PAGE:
Allergies, frequent colds and congenital problems are all frequent culprits distressing ear, nose and throat problems in children. And these symptoms can actually hamper your child’s development—and sometimes their lives. Your pediatric ENT at Princeton Otolaryngology Associates: Dr. Scott L. Kay can diagnose and provide proper, child-appropriate treatment so you and your child can breathe easy again.
How Can I Tell If My Child Has an Ear Infection?
Ear infections (Otitis media) are the number one reason parents haul their children to the doctor. With touchy, immature immune systems kids are often far more susceptible to more frequent colds that trigger head congestion. At the same time, the anatomy of a child’s head is still developing from birth to age six—specifically the Eustachian tubes.
These tubes maintain proper air pressure in the middle ear (for hearing) and normally drain fluid from the ears down into the throat. But the Eustachian tubes are not fully developed in early childhood. They are narrower, weaker and more horizontal, so they can easily clog with bacteria and fluid from backups in the nose and throat. Hence the frequent ear infections, ear pain, pressure, ear drainage, and sleepless nights.
If your child has recurring ear infections, you need to visit Princeton Otolaryngology Associates: Dr. Scott L. Kay for proper diagnosis and treatment; not only to relieve your child’s pain but because this window of early childhood is critical to your child’s speech and language development. Frequent ear infections often negatively impact hearing, making it harder for your child to develop these important skills.
Why Does My Child Have a Constant Runny Nose?
Ear and nose problems in children are usually interconnected because the very anatomy of the head is interconnected. Children with frequent colds and/or allergies struggle with stuffy, runny noses that just won’t quit. The abundance of extra snot leads to adjacent symptoms of earaches and sore throats because the excess backs up in these areas too.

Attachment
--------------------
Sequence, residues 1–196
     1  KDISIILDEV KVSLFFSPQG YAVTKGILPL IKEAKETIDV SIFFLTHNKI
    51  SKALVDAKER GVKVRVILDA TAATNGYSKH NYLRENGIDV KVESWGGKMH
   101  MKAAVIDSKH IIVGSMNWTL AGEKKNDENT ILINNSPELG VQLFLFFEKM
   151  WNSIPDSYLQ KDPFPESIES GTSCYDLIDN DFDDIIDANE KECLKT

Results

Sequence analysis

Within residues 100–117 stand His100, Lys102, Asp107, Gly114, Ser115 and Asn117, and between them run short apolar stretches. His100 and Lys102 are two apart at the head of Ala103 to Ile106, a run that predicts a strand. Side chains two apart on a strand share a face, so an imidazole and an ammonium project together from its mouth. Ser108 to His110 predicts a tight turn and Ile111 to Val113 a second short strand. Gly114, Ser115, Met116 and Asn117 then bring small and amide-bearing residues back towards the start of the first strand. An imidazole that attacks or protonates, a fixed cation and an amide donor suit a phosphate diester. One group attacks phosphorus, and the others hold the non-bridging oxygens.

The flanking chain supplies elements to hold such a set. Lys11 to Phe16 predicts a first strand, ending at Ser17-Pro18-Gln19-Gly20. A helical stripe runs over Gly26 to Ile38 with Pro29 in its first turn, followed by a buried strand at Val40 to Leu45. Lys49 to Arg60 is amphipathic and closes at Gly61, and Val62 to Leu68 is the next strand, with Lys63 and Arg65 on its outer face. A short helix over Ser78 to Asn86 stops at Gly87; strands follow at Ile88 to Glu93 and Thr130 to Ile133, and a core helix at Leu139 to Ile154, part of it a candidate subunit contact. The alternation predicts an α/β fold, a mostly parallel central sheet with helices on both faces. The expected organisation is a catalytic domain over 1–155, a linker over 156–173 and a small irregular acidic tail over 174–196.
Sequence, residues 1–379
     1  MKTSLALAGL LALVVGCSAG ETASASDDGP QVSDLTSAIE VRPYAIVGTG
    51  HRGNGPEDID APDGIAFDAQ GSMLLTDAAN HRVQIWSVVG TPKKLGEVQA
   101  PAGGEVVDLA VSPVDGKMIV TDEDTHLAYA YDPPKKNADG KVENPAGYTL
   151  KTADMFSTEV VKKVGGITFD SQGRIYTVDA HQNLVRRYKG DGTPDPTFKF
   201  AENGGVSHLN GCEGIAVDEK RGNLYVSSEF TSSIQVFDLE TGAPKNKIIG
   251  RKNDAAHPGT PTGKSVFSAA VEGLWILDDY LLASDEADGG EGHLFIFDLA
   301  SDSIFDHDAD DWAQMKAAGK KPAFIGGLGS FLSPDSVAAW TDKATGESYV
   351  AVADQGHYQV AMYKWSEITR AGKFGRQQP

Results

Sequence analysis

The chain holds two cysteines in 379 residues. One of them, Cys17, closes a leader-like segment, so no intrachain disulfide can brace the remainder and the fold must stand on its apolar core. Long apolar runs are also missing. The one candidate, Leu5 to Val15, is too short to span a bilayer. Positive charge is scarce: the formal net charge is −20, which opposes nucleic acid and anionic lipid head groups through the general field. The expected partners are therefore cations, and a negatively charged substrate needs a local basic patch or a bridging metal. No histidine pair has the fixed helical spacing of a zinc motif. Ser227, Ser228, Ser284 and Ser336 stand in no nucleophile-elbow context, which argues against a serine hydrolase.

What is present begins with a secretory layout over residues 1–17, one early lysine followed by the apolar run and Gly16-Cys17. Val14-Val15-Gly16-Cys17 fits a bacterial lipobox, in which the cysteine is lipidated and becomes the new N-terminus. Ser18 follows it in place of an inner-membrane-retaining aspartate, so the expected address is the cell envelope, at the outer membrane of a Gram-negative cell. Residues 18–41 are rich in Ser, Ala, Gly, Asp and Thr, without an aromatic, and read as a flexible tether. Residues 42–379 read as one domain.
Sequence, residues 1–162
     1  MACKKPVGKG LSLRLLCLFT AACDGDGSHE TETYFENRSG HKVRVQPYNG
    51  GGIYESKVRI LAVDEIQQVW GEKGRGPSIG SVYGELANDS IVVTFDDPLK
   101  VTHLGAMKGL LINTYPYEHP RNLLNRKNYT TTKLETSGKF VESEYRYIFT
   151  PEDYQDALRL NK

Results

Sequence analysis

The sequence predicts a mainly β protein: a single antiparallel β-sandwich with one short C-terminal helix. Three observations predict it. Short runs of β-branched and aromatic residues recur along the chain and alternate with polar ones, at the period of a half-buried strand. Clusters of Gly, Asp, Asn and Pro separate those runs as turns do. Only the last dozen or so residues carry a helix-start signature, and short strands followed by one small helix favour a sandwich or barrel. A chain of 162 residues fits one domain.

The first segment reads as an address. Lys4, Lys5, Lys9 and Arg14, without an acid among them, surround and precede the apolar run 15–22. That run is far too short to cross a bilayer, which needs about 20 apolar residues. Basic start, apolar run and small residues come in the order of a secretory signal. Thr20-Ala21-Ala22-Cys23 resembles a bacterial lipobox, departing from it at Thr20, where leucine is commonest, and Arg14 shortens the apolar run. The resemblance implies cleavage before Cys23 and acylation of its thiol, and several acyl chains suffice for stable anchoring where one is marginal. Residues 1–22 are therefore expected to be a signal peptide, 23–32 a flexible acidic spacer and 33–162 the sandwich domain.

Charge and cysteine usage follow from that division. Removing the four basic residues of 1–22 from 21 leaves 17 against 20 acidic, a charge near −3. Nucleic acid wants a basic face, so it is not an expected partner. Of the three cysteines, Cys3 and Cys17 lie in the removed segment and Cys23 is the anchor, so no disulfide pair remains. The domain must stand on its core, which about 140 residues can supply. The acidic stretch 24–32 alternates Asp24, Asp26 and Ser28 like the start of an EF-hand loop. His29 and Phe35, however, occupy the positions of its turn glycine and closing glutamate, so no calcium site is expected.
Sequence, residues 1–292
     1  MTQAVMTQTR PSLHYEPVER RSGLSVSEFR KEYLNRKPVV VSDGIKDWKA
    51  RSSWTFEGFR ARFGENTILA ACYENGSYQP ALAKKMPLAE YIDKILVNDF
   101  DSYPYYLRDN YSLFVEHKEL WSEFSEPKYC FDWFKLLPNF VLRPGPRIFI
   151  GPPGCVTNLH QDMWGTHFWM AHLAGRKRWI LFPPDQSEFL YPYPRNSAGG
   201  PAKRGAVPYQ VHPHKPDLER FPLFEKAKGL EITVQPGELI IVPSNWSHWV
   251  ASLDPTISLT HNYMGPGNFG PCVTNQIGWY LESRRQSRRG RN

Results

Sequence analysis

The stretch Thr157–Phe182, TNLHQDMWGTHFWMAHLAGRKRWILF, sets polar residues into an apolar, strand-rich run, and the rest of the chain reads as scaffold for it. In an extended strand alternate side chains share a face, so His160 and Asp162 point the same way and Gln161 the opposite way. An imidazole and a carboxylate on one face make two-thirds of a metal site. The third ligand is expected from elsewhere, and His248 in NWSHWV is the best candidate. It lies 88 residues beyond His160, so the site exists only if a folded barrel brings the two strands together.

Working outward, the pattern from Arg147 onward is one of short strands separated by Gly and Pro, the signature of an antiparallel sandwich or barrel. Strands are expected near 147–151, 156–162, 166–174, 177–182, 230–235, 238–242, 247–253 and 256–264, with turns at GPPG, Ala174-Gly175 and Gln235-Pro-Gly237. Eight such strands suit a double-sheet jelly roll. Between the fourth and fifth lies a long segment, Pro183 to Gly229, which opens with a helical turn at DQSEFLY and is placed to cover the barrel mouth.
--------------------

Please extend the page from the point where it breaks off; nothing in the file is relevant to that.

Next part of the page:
Children can also have sinus infections, making it hard for them to breathe, sleep and enjoy discovering the world. Sinuses normally produce moistening mucus that clears the nasal passages, even from birth; but again, these are still under development. And when an immune response (from allergies, colds, etc.) triggers excess mucus production, clogs can happen here too:
- Near the bridge of the nose (ethmoid sinuses), which are present and growing from birth.
- Near the cheekbones (maxillary sinuses), present and growing from birth
- In the forehead (frontal sinuses), start developing around age seven.
- Deep behind the nose (sphenoid sinuses), develops during adolescence
When Should My Child See a Doctor for a Sore Throat?
Sore throats should be seen right away, especially if the child has a fever or is vomiting, has a rash or other symptoms of strep throat or other throat infections. Excess mucus draining from the nasal passages, sinuses and Eustachian tubes converges in one place: the throat. When bacteria-laden mucus drains down the throat, your child may be up all night with a cough and a sore throat. Abnormalities in throat tissue can also cause alarming breathing problems that need to be addressed right away.